Information asymmetry is a major concern especially for investors from outside a country (Kinney, 2002). Kinney (2002) points out that such investors tend to find it difficult to gather sufficient data to assist them in the crucial task of analyzing corporate performance. In such circumstances, accurate valuation of securities becomes difficult. Asymmetries of information used to exist even in the nineteenth-century Britain in the absence of modern systems of company regulation such as auditing (Pollard, 1983).

During the last three decades, researchers have suggested that the problem of information asymmetry is not as serious as it was during the mid-nineteenth century (Edwards, 1989; Floud & McCloskey, 1994; Jones, & Kirby, 1991). This, according to Jones & Kirby (1991), is partly because of the development of alternative arrangements. For example, in the pre-railway era, the scale of most activities was modest, meaning that on the overall, capital requirements were relatively limited (Hawke, 1970).

Investors operating in situations of information asymmetry may resort to speculation on the basis of inaccurate projections and rumours. More significantly, foreigners may be unwilling to risk their capital for fear that asymmetric access to privileged information may lead to insider trading. Church (1980) suggests that in an environment of information asymmetry, the use of partnerships as an alternative form of organization provides a flexible basis for effectiveness in industrial production.

Many large investors are also wary of discrimination in favour of large clients operating from local brokerage houses. Indeed, the problem of this type of discrimination has been experienced in the Japanese Tokyo exchange, whereby many local brokerage firms were reimbursed for trading losses. This challenge is compounded by the tendency by individual countries to introduce rules that ensure that foreigners have no corporate control over local economies. These hindrances act as a major barrier to free flow of capital in the international market. More significantly, they trigger retaliatory actions by trading partners who may previously have been embracing more liberal practices (Mann, 1988).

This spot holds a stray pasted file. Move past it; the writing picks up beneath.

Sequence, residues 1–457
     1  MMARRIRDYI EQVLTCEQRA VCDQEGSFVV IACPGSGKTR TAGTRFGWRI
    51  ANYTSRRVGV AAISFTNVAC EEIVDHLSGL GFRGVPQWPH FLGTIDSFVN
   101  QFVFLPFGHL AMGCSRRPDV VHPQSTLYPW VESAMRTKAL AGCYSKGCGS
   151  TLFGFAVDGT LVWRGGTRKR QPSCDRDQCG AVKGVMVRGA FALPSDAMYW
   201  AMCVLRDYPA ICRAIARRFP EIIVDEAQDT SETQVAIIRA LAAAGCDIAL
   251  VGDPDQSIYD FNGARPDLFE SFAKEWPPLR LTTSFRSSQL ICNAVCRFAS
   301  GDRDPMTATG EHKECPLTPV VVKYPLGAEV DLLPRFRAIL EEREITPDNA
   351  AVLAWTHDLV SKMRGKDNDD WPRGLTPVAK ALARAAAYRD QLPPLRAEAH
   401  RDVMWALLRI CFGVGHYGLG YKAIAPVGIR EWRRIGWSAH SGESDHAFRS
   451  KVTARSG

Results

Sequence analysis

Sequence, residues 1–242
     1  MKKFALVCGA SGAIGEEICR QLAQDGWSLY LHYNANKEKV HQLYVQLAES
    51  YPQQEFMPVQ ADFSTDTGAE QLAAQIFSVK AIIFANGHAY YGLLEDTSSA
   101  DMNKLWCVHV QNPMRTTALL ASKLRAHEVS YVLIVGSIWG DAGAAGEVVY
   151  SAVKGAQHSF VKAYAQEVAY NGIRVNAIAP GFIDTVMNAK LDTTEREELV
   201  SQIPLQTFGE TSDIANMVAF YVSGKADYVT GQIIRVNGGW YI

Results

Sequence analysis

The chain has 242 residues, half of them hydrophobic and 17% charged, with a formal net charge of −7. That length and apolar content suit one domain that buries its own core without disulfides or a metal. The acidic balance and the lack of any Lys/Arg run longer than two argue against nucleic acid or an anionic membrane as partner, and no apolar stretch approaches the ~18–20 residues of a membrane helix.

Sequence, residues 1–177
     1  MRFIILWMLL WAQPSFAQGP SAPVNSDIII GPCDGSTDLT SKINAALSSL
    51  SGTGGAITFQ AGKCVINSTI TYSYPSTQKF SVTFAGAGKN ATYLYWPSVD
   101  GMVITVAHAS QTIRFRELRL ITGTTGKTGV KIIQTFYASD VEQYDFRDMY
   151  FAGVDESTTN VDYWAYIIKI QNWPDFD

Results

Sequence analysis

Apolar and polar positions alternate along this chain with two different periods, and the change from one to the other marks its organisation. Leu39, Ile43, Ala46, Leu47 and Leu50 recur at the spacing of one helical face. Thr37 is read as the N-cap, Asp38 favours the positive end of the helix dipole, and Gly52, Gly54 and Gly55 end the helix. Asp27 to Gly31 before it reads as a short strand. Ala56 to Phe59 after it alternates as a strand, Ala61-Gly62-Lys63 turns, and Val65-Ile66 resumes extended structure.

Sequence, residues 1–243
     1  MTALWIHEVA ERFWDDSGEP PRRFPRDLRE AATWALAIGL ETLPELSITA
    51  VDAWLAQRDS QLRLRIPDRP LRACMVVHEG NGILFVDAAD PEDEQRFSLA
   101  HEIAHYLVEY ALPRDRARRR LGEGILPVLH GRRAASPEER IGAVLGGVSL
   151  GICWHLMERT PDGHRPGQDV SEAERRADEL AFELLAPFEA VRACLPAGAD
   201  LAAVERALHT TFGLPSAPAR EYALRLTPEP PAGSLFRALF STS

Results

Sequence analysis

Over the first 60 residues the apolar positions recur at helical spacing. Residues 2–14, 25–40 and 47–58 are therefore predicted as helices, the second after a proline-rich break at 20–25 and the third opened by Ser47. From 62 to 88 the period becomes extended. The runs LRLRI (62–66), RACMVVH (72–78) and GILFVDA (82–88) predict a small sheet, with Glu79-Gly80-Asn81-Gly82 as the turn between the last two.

According to Ferguson (2009), the strands of development in the securities market in the US and the UK can create a better understanding of the implications of information asymmetry for large investors and international groups of companies. In this regard, two main spectrums may be identified. One end of this spectrum is characterized by similarity of systems adopted in both the US and the UK. Securities markets in both countries are characterized by transparency in regulatory structure and corporate affairs and freely competitive markets. The role of the regulatory structure is to ensure that investors are always protected from dishonest and incompetent agents. This is in sharp contrast with the case of Japan and Germany, where the local markets are dominated by powerful local and governmental institutions through cooperative relationships. The informal way in which these relationships are promoted increases the degree of information asymmetry. In such cases, investors have to be keen on the information that they look for. Priority should be on information that is critical to their long-term survival in these foreign markets.